The South China Morning Post created a deep dive visualization of the Gaza strip and the impact of the ongoing war. Image: South China Morning Post
As the conflict between Israel and Hamas grinds into its second month, outlets around the world are grappling with how best to understand, visualize, and contextualize what is happening on the ground. Our roundup of the best in data journalism published between October 23 and November 5 features a Reuters piece analyzing strikes on a refugee camp in Gaza and the South China Morning Post mapping historical borders of Israel and Palestine alongside analysis of the scale of the present-day crisis. Elsewhere, we highlight a deep dive into the deadly August fires in Hawaii, an exploration of plastic pollution in the oceans, and a piece on the rise and fall of musical genres on Spotify.
Global Attention on War in the Middle East
Israel’s airstrikes in Gaza are drawing increasing international condemnation. Amid growing calls for a humanitarian ceasefire, Reuters analyzed Israel’s attacks on the Jabalia refugee camp, which flattened buildings and killed nearly 200 civilians, according to the Palestinian authorities. (Israel said the attacks successfully targeted military leaders from Hamas). Reporters used satellite images, building damage analysis, pictures, and videos to map the strikes on the camp, and UN figures to show previously-known population figures for this and other camps in Gaza. Elsewhere, the South China Morning Post published a comprehensive explainer on the crisis and the complex history of the region, The Washington Post dug into internet and power blackouts in the Gaza strip, Spanish newspaper El País has a rolling story featuring maps and graphics, and Le Monde showcased the devastation wrought by three weeks of conflict.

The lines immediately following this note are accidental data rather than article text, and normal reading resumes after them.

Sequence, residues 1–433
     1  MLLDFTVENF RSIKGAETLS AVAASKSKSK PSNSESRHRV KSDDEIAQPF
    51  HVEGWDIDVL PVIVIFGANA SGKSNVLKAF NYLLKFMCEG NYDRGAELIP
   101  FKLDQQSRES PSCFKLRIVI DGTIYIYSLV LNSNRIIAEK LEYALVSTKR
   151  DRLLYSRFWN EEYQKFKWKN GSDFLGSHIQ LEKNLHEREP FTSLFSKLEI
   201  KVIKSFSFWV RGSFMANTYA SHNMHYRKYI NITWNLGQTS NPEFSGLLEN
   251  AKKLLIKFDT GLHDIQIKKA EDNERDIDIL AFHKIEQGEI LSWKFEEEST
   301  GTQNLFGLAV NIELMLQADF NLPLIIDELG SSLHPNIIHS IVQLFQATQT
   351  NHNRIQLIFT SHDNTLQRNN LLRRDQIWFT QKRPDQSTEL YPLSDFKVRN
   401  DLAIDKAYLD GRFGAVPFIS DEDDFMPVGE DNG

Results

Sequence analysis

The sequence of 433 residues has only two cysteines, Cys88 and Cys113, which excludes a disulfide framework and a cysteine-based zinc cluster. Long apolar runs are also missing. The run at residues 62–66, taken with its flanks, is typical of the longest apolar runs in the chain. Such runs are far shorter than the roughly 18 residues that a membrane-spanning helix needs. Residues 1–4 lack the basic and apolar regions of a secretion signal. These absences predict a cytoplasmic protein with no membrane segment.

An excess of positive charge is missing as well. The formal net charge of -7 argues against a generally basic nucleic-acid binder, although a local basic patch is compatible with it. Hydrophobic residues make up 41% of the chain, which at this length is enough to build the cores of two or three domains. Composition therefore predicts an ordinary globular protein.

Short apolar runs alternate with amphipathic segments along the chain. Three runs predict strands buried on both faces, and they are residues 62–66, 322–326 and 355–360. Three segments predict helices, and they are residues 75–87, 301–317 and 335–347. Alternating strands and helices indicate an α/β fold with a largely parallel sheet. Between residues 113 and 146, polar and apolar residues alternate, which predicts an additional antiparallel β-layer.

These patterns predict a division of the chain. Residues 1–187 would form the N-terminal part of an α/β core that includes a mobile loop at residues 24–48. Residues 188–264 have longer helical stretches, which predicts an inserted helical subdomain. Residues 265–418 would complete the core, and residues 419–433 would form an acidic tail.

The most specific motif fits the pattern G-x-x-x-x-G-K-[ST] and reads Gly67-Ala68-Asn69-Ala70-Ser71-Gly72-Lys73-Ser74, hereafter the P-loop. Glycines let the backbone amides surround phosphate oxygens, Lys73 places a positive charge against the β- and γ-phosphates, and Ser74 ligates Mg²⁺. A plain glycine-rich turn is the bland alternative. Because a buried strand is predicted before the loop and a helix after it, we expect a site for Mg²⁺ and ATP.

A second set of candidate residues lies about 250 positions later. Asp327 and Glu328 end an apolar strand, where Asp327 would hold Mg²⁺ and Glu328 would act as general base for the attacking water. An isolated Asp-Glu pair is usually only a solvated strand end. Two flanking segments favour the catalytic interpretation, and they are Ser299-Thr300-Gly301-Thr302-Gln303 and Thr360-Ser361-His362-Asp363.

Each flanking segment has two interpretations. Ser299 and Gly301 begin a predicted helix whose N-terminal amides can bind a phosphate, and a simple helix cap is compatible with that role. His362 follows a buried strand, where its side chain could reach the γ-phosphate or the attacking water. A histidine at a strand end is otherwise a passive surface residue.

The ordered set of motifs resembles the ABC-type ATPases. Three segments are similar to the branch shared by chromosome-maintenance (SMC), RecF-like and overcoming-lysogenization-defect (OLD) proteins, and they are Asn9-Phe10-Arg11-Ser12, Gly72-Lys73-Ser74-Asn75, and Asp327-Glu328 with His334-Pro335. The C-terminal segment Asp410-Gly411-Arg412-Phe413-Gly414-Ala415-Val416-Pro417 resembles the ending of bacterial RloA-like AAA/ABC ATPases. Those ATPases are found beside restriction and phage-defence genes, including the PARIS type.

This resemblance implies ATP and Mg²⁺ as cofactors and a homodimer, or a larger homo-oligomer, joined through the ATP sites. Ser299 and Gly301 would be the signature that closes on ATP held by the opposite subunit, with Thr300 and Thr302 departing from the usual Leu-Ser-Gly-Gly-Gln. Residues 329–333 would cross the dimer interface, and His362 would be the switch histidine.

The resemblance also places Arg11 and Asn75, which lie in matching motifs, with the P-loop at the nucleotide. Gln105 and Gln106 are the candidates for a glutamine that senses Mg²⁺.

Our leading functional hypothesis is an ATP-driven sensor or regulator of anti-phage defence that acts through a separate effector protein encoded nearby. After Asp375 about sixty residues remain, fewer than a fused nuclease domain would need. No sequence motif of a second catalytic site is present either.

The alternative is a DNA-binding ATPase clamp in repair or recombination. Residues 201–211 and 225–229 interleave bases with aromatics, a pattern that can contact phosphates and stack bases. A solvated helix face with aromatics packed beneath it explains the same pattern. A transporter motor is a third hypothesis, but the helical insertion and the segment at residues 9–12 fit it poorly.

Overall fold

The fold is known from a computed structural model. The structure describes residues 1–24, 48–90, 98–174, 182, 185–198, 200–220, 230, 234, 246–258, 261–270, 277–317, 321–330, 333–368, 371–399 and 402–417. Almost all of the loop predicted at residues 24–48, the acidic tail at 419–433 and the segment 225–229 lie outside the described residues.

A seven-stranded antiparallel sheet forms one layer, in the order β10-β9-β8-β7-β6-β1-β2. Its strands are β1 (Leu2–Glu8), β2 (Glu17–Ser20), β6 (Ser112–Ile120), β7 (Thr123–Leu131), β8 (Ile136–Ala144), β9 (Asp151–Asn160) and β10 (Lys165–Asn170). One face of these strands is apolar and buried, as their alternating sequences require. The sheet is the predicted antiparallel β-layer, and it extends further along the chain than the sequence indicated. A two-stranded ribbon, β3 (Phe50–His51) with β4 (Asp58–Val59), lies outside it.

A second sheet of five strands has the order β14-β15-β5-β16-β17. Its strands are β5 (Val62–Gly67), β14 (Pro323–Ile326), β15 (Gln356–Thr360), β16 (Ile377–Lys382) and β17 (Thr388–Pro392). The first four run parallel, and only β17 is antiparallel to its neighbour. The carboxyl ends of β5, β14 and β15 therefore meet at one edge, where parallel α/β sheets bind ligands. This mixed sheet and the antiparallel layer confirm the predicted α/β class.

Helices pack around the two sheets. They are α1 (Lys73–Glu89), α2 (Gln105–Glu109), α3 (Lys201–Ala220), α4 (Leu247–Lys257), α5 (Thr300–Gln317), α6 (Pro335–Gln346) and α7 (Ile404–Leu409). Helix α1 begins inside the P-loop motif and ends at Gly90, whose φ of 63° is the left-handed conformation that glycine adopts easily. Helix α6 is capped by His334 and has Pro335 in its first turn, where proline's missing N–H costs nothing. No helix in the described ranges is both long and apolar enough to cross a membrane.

Counting the Victims in Israel and Gaza